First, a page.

Location of real estate can have a negative economic impact as well. Land located near canyons, swamp, steep mountains, desert, or tundra tends to be less valuable. The reasons are obvious. It’s very difficult to build anything useful, or live easily in these types of environments. Roads are difficult to build making the property inaccessible. Bringing utilities like water, sewer, and electrical service is difficult in isolated areas. All of these factors diminish the economic value of this type of real estate.
Improvements built on real estate are a significant economic characteristic. Raw land has a certain value. But once a house is built on it, the value goes up considerably. Other structures like a pool, fence, driveway, and high quality gardening also impact the value of real estate. Improvements also include pipes, connection to a sewer line or sump pump, electrical wiring, and in modern times, phone and internet connection. These connections can be above or below ground. If the land is meant for agricultural use, improvements like a barn, shed, grain silo, chicken coop, or processing buildings increase the value. When there are no improvements to the land, a new owner will have to build them himself. This lowers the economic value of the land.
Another economic characteristic of land is that it is not liquid. One cannot easily exchange land for anything else other than cash. Land has to be sold for cash to be liquid. This makes land a permanent investment. Once you buy it, you can own it forever. The value may go up or down, but it is land and it is yours as long as you don't sell it or allow it to get foreclosed.
Because real estate is not liquid it is seen as a good, safe investment. Gold can physically be stolen, as can cash or other valuables. But because land is not movable, it can't simply be taken away. If one attempts to steal land by occupying it, they will find that laws have been built up over the centuries to make it extremely difficult. In the United States, a court of law has to say that land was taken by occupation, or adverse possession.
So, while real estate is difficult to sell or exchange for anything of value because of its illiquid nature, it is also a safe investment because it is hard to steal.
Land also has physical characteristics. While economic characteristics can be found in other types of property, physical characteristics distinguish land from most other types of property and investment.
Land is immobile. You can't move it. Once the boundaries are established in the deed, that is the real estate until the boundaries are changed by adding or subtracting land. This distinguishes land from other personal property. You cannot bring it anywhere, or change its location to change your rights or obligations. If the neighboring county has lower real estate taxes, you can't move the land over. Even if one took an excavator and physically moved the dirt or house, the land remains where it is.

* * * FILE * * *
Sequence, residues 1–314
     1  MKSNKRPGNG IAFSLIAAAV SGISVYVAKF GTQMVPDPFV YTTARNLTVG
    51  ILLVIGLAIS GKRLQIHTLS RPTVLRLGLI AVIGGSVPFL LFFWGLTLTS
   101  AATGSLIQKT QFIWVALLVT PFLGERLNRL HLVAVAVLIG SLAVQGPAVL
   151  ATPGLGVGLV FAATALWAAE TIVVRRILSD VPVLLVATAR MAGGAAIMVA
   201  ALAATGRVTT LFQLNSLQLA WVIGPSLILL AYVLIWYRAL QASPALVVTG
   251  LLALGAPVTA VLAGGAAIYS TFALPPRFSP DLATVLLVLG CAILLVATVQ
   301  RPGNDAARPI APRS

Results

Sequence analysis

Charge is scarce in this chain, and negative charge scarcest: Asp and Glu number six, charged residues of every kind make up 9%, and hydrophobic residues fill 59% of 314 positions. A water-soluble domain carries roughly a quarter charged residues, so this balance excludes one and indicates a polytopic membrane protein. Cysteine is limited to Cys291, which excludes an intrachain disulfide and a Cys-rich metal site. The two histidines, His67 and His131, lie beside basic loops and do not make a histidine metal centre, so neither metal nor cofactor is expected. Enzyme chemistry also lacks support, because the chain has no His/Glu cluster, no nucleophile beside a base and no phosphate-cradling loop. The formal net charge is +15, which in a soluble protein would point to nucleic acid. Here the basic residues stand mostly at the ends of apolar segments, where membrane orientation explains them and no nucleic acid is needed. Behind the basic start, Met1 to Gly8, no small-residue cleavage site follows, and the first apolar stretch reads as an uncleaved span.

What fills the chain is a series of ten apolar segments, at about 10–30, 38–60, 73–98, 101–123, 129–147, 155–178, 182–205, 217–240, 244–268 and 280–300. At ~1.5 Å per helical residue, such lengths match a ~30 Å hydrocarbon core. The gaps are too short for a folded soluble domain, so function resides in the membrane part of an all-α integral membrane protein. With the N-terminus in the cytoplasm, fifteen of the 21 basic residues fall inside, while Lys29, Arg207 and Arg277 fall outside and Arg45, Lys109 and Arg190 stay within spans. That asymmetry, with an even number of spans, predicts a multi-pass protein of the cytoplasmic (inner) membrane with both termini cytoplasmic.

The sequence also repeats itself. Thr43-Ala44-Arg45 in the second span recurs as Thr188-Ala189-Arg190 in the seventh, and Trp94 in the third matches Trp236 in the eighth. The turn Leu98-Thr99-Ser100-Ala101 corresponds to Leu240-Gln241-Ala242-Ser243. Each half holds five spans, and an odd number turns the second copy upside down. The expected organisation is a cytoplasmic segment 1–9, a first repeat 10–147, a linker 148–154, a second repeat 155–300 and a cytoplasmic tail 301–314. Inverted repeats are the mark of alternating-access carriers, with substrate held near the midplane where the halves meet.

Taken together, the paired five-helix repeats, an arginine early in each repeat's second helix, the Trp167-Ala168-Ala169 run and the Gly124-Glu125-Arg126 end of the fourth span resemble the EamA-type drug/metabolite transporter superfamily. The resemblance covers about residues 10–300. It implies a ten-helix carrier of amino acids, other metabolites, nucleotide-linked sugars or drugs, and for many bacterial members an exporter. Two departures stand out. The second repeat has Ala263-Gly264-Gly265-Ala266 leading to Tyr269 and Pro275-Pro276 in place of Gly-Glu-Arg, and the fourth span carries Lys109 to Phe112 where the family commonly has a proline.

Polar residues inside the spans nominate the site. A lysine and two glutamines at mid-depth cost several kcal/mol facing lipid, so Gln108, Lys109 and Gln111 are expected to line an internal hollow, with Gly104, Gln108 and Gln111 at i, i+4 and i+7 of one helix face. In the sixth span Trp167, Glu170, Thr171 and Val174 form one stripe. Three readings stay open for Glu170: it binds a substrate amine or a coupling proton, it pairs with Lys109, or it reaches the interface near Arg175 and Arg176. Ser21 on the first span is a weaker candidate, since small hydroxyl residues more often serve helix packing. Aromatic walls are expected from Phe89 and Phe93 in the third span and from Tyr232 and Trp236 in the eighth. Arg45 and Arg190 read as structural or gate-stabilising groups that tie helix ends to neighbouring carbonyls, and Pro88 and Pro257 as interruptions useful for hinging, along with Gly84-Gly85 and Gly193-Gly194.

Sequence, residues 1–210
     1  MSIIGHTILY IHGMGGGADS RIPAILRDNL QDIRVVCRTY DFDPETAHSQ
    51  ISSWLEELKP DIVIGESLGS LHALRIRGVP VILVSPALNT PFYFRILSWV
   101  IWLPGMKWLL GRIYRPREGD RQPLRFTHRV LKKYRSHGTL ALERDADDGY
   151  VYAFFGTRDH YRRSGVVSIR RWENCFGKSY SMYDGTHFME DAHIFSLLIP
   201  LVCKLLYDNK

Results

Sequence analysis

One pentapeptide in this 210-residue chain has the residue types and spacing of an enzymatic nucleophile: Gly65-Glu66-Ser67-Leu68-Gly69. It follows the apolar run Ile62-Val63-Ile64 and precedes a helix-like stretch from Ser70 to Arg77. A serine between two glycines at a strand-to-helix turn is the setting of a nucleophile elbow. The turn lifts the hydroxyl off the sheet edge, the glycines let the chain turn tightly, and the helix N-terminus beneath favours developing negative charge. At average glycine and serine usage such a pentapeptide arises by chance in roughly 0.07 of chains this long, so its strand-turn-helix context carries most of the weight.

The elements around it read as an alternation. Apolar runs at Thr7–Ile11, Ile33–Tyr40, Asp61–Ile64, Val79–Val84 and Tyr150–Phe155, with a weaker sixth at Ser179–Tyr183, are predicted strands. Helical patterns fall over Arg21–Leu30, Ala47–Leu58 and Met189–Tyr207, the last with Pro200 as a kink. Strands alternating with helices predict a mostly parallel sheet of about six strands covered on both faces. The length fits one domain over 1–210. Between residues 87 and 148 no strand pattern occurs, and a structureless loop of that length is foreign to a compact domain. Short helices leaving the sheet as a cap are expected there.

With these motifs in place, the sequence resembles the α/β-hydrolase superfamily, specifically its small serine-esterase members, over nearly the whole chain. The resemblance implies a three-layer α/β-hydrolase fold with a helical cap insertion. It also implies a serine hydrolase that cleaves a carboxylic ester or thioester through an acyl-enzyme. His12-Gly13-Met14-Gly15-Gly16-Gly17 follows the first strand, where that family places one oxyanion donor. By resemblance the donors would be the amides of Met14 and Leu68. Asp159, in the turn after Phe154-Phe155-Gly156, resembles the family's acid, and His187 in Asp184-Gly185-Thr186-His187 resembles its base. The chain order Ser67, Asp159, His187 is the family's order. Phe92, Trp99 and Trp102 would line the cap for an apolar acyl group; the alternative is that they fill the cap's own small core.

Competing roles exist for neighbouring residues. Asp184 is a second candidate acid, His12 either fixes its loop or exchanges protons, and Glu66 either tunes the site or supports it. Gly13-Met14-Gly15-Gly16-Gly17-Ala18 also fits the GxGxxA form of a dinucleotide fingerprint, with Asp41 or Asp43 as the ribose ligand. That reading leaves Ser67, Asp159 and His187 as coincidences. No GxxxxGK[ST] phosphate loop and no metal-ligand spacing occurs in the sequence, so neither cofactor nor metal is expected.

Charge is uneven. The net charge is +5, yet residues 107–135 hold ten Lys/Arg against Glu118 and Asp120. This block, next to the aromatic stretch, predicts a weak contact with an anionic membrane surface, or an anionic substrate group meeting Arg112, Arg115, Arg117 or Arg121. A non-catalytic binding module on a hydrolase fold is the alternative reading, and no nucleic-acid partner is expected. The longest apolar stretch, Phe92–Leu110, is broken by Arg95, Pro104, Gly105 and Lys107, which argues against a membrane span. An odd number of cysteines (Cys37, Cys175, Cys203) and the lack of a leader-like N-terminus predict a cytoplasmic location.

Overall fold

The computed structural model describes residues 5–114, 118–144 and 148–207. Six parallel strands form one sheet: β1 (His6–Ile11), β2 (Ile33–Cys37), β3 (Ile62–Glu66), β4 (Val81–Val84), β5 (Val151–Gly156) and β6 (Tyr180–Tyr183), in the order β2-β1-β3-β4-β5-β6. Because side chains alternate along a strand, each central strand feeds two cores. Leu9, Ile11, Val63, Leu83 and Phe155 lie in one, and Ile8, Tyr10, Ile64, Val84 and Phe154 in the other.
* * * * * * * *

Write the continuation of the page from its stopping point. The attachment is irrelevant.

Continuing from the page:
Real estate is indestructible. The structures on the real estate can be destroyed. Fixtures, movable property, buildings, and other improvements can all be damaged or destroyed. But the land itself, even if you dig a giant hole in it, is still the same land. Ownership rights don't change. This can be distinguished with any type of movable property. A car can be destroyed. One may still have title to it, but the car itself can be turned to cinder with a strong fire. The strongest fire will never destroy land. It may destroy trees, grass or structures, but the land underneath remains. And the ownership rights of the owner remain unchanged. Land is called a permanent commodity. Commodities like oil, cattle, and natural gas can all be consumed and destroyed. Once consumed they are gone forever. However, land, no matter how much you use it, remains within its boundaries.
Real estate is unique. Each parcel of land is unlike any other on Earth. There, of course, can be similar tracts of land. But the land within the defined boundaries of the deed is unlike any other. In fact, if you have a deed with a matching legal description from another deed, or even an overlapping description, you have a very serious title problem. Because land is unique, this plays into the economic characteristics of land. Land is scarce, because you can't replicate or duplicate the same parcel of land. If a person wants land on a particular spot on the beach, or a specific distance from an important landmark, the one parcel in existence is the only one there will ever be. While gold may be inherently valuable because society says it is, land is valuable precisely because, unlike gold, there is only one of each parcel in the world.